- Lead(II) bromide is a binary ionic compound meaning that it is a compound consisting of just two elements joined together by ionic bonding.
- When these compounds are heated beyond their melting point, they become molten and can conduct electricity as their ions can move freely and carry the charge.
- These compounds undergo electrolysis and always produce their corresponding element.
- To predict the products of any binary molten compound first identify the ions present.
- The positive ion will migrate towards the cathode and the negative ion will migrate towards the anode.
- Therefore the cathode product will always be the metal and the product formed at the anode will always be the non-metal.
Electrolysis of Lead (II) Bromide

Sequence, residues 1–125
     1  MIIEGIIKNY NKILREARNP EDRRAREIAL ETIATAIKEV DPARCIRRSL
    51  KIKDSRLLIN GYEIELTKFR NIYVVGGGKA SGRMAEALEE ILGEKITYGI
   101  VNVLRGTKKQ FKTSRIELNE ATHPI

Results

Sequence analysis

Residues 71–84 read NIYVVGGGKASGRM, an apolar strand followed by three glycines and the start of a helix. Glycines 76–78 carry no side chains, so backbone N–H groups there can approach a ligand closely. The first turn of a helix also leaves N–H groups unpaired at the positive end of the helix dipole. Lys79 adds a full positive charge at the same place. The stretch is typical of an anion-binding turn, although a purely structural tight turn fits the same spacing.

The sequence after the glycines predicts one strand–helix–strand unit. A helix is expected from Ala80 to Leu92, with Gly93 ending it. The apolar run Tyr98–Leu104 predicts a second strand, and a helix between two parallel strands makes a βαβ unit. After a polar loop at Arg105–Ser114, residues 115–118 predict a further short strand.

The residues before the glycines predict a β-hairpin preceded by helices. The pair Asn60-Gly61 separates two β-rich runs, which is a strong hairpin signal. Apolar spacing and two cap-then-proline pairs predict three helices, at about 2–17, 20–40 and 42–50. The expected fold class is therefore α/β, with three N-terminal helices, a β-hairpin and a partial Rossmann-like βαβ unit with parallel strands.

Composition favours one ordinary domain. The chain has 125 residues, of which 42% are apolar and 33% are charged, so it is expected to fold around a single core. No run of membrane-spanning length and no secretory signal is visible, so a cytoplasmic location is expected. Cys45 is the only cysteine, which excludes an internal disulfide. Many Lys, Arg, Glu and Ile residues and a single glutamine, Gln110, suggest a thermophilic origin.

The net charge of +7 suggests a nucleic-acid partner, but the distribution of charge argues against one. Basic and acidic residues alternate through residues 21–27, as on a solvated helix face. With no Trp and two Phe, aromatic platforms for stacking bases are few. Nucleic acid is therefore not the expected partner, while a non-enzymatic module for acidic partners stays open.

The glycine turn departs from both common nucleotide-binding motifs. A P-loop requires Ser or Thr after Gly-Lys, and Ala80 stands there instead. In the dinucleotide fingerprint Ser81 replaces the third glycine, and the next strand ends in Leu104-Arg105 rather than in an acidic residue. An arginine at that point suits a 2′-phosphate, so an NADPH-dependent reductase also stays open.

Diagram Showing the Electrolysis of Lead (II) Bromide
- Add lead(II) bromide into a crucible and heat so it will turn molten, allowing ions to be free to move and conduct an electric charge.
- Add two graphite rods as the electrodes and connect this to a power pack or battery.
- Turn on the power pack or battery and allow electrolysis to take place.
- Negative bromide ions move to the positive electrode (anode) and lose two electrons to from bromine molecules. There is bubbling at the anode as brown bromine gas is given off.
- Positive lead ions move to the negative electrode (cathode) and gain electrons to form grey lead metal which deposits on the surface of the electrode.
Anode: Bromine gas
Cathode: Solid lead metal